An Overview of Big Data Spending at HHS

Published: October 23, 2019

Big DataForecasts and SpendingHHS

The Department of Health and Human Services (HHS) represents 36% of the Civilian sector’s big data obligations from FY 2016-2018. HHS also reveals the highest percentage increase in contract spending on big data goods and services in the three-year period.

When it comes to big data goods and services, the Department of Health and Human Services (HHS) leads Civilian agencies in contract spending. Deltek analyzed FY 2016 to 2018 contract obligations and identified those related to big data software, hardware and services. As a result, Deltek found that Civilian agencies spent over $2.8B in the big data market during the three-year period, with HHS representing 36% of that total in over $630M in total spend. In addition to being the largest Civilian agency in big data contracted spend, HHS also showed the largest percentage increase, at 108%, in contract obligations from FY 2016 to 2018.

  • Growth in spending primarily occurs in big data services, rising from $96M in FY 2016 to $255M in FY 2018
    • The increase in services is largely due to rises in health analytics support and unspecified analytics, jumping from $2.6M in FY 2016 to $64M in FY 2018 and $949K in FY 2016 to $25M in FY 2018, respectively
  • Spending in big data hardware also increased from $2M in FY 2016 to $37M in FY 2018, with additional purchases in storage/servers ($36M total) and High Performance Computing (HPC) hardware ($5M total)
  • Top investments in this time period, according to dollars, include $21M in FY 2016 at CMS for its National Data Warehouse Hosting Services, and $20M in FY 2018 at CMS in data analytics for the Innovator Accelerator Program (IAP)

  • Data management ($81M), health analytics ($64M) and analysis support ($62M) make up the bulk of the Centers for Medicare and Medicaid Services (CMS) obligations
  • The National Institutes of Health (NIH) experienced a 43% increase, from $49M in FY 2016 to $70M in FY 2018, due to additional obligations in analysis support, HPC hardware and services, and the purchase of storage and servers
  • Centers for Disease Control and Prevention (CDC) saw a 29% decrease from FY 2016 to 2018, due to less spending in analysis support (-$17M)
  • IT analytics makes up 43%, or $10M, of the obligations under the Secretary for HHS, which primarily occurs at the Office of Assistant Secretary for Administration

  • Analysis support increased 9.5%, from $56M in FY 2016 to $61M in FY 2018
  • Types of analytics that fall under Deltek’s definition of business analytics include predictive, financial, risk and behavioral analytics, with predictive analytics claiming 60% of obligations under total business analytics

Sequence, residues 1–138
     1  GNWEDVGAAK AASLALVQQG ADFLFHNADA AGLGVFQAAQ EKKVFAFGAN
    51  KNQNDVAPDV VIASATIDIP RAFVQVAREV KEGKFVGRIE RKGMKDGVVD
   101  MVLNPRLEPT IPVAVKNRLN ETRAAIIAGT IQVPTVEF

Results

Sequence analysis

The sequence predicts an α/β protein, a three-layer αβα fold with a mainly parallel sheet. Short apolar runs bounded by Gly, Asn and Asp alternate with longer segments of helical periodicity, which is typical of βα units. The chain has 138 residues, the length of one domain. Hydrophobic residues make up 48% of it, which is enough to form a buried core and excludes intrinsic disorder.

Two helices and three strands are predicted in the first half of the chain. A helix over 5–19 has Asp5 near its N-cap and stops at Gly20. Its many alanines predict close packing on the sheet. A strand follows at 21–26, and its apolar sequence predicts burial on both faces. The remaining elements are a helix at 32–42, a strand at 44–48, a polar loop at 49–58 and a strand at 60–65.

• Data warehouse support services represent the majority of spend under data management at 89%, growing from $31M in FY 2016 to $34M in FY 2018

HHS Big Data Organization and Initiatives

HHS has built a solid foundation in its data organization, instilling a Chief Data Officer (CDO) a few years ago, before many other large federal departments. CDOs also exist in component agencies such as CMS, NIH and within the Office of the Inspector General (OIG). In addition to building up data leadership within the department to help employ and deploy data for agency mission, HHS published an enterprise-wide data strategy earlier this year. The strategy stresses the use of the agency’s data to build an evidence-based portfolio to influence R&D as well as decision-making. The strategy centers on six strategies, which range from improving data access and interoperability, to building and training a strong data workforce.

HHS collection, maintenance and sharing of large health data sets for research, and continued efforts to use analytics to reduce health care fraud, will ensure a sound big data market for the agency in the coming years. For example, the NIH initiative, “All of Us” is building out a massive health data set with 1 million volunteers to identify patterns in lifestyle, environment and biological factors for improved precision medicine. Additionally, CMS and the Department of Veterans Affairs (VA) entered into an agreement earlier this year to make certain CMS data available to the VA for those veterans enrolled in both VA and Medicare. Moreover, CMS’ IAP initiative will continue to provide states with data analytics technical support and toolkits to help improve payment and delivery system reforms. Lastly, the HHS OIG is making strides in utilizing big data tools and solutions not only to conduct oversight into fraud and abuse in Medicare and Medicaid, but also to improve its own business processes with evidence-based decision-making in its allocation of resources.

For further analysis on HHS and other federal departments in the big data space, refer to Deltek's Federal Big Data Market, 2019-2024 report. 

Get a free report summary of Federal Big Data Market, 2019-2024.